Mentally Mapping Toronto: Part I

I started this blog with the goal of exploring Toronto. Within that, I wanted to also uncover more of the hazy, black fog that presides over parts of my mental map of Toronto (which actually reminds me of charting through new terrain in the old Command & Conquer games I used to play).

As an exercise, I decided to recreate the map of Toronto from memory – that is, its main road- and highways, railroads, waterways, and some parks. Gotta say: It was hard and certainly not pretty! This is how I did:

Mental Map Toronto

To create this, I drew – that is, recalled – from personal experience in physically being in these places as well as my interest in looking up the paths of railroads or ravines (although, even then it’s hard to recall where two rail lines meet or where a river branches off or curves; for this reason I didn’t bother at all with the smaller ravines like the Highland or Mimico). You can see my corrections as I remember ‘Hey, Dundas West meets Bloor near High Park, not in Etobicoke!’.

The eastern part of the city – my home base – looks pretty decent. South Scarborough is a bit fuzzy, though; it was challenging to remember how much and where Kingston Road curves – even almost forgetting that it meets highway 401 (and forgetting how much the 401 winds and dips too). If I were to draw the north-south throughways, I probably couldn’t remember all their southern termini. I believe everything east of Kennedy stops/starts at the Bluffs (because Kennedy itself stops/starts near Kingston and Danforth). And truthfully, in my mind, the southern end of the borough does feel another city despite existing within the same borders.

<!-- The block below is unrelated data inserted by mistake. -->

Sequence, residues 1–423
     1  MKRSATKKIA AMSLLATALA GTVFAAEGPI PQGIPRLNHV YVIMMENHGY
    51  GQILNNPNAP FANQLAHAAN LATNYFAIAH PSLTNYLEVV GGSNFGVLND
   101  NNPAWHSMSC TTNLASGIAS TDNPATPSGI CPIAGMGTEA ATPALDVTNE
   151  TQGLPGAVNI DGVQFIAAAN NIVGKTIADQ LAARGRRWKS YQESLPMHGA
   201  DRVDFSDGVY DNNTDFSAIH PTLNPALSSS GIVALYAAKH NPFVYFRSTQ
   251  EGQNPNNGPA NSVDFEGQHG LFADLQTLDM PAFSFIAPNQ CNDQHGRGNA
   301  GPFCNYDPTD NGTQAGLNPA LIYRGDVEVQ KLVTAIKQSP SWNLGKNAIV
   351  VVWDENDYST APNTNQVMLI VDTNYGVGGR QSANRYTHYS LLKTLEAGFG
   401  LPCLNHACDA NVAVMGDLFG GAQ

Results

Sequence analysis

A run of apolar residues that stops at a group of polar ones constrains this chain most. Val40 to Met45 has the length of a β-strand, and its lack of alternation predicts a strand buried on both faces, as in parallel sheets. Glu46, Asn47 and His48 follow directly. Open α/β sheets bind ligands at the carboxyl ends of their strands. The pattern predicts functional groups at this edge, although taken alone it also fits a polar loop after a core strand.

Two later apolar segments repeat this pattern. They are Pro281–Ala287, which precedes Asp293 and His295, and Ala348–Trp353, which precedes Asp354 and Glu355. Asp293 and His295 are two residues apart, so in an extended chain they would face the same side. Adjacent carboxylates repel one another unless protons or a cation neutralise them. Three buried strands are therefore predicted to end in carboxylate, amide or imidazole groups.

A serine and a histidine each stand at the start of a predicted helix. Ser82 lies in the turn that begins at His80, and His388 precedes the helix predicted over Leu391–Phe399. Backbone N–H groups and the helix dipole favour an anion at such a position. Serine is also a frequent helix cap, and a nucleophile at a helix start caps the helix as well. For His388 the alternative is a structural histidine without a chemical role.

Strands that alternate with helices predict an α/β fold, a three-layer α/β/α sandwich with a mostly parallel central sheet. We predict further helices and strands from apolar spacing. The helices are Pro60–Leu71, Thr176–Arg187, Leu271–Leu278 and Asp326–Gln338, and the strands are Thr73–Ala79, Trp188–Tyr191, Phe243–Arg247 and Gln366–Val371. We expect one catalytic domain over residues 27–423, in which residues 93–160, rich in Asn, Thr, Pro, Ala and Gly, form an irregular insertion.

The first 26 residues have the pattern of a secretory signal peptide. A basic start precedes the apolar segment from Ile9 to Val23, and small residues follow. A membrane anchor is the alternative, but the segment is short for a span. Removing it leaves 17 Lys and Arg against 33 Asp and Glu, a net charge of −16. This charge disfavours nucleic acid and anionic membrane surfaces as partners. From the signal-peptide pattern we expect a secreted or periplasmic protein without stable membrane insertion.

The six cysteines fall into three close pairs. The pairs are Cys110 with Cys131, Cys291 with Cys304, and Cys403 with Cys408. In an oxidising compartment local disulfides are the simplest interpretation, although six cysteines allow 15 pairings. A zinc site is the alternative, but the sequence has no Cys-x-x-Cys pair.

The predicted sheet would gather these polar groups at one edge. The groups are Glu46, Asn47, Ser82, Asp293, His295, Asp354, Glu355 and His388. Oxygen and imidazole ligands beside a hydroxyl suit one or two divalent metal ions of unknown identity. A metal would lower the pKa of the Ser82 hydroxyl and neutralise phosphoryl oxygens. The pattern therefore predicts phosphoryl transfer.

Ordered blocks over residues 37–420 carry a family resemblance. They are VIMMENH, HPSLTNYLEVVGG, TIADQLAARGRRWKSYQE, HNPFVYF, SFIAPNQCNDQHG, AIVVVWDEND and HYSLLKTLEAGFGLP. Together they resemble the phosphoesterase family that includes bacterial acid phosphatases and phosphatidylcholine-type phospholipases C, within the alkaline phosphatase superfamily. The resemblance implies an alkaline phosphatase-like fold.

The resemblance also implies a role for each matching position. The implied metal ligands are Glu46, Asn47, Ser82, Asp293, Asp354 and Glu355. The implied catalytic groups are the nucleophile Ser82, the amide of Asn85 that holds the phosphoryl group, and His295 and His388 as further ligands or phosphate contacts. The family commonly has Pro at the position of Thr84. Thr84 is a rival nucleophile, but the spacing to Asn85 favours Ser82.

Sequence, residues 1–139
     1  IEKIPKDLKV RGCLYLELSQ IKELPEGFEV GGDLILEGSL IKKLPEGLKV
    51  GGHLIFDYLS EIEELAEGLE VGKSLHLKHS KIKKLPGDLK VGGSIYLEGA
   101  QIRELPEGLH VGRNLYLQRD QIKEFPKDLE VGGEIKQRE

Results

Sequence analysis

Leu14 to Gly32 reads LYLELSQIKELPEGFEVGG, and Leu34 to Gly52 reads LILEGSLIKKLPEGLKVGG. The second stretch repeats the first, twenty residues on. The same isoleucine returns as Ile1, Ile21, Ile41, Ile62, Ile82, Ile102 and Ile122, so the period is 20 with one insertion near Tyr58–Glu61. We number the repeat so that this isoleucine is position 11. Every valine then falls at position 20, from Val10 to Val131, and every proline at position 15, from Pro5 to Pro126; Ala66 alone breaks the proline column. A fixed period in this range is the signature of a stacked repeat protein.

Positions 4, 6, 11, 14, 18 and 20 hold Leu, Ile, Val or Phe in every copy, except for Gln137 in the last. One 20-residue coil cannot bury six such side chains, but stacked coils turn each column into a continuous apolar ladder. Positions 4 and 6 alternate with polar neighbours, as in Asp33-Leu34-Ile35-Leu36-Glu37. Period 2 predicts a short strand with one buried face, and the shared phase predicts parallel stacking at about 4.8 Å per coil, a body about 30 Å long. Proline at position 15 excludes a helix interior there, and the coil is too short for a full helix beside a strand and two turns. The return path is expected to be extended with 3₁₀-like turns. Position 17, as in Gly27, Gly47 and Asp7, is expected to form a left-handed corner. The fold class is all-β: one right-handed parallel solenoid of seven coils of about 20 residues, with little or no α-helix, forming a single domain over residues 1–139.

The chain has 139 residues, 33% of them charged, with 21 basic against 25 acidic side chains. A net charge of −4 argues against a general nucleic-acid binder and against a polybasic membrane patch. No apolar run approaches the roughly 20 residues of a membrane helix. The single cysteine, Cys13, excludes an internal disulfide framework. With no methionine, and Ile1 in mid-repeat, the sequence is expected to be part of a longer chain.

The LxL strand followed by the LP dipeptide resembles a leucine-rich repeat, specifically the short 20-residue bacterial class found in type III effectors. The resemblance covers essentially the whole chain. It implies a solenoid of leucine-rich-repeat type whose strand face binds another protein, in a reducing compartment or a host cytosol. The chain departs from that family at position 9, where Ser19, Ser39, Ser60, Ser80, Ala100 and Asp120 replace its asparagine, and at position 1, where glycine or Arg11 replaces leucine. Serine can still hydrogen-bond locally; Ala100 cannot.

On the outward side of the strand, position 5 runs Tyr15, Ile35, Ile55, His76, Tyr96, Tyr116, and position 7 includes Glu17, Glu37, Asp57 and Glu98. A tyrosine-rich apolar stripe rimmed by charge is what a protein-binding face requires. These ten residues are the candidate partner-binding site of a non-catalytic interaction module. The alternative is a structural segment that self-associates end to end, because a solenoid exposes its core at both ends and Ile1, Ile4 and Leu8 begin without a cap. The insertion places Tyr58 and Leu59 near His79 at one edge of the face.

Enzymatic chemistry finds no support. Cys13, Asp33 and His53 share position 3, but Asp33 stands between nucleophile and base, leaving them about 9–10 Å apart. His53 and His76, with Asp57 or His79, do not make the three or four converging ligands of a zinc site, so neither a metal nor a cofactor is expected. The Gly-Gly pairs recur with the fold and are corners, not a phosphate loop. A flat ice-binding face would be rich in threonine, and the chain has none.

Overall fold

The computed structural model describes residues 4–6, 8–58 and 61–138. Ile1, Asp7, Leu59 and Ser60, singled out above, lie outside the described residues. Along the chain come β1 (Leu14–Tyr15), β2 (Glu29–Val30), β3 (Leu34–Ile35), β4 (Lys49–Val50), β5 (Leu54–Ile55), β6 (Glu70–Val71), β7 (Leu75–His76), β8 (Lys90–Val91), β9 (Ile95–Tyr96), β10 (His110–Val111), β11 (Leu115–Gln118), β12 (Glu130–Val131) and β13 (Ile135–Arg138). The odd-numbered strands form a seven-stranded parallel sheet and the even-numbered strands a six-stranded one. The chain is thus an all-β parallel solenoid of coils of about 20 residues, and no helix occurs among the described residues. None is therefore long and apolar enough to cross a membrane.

The west-er I go, the more empty the map gets. This was expected because, aside from Downsview in the northwestern reaches of North York (which I know from spending five years at York University), I haven’t spent much time in the west end. I couldn’t tell you what a Weston or a Thistletown or a Rexdale looks like or where their hearts are located. Part of it is I haven’t had a tangible reason to travel there: I don’t know what’s there and literally cannot visualize them. I know North Etobicoke, if it’s anything like North Scarborough, has likely a lot of apartment towers. Are there old bits too? Possibly, but I don’t know. The other part is it’s so far in both my mind’s eye and in the real world.

Still though, I should tread through those dark spots, no?

4 responses to “Mentally Mapping Toronto: Part I

  1. Very informative, perhaps especially in the emptier bits. I suspect my map would be fairly similar in its strengths & weaknesses though not overall as good…

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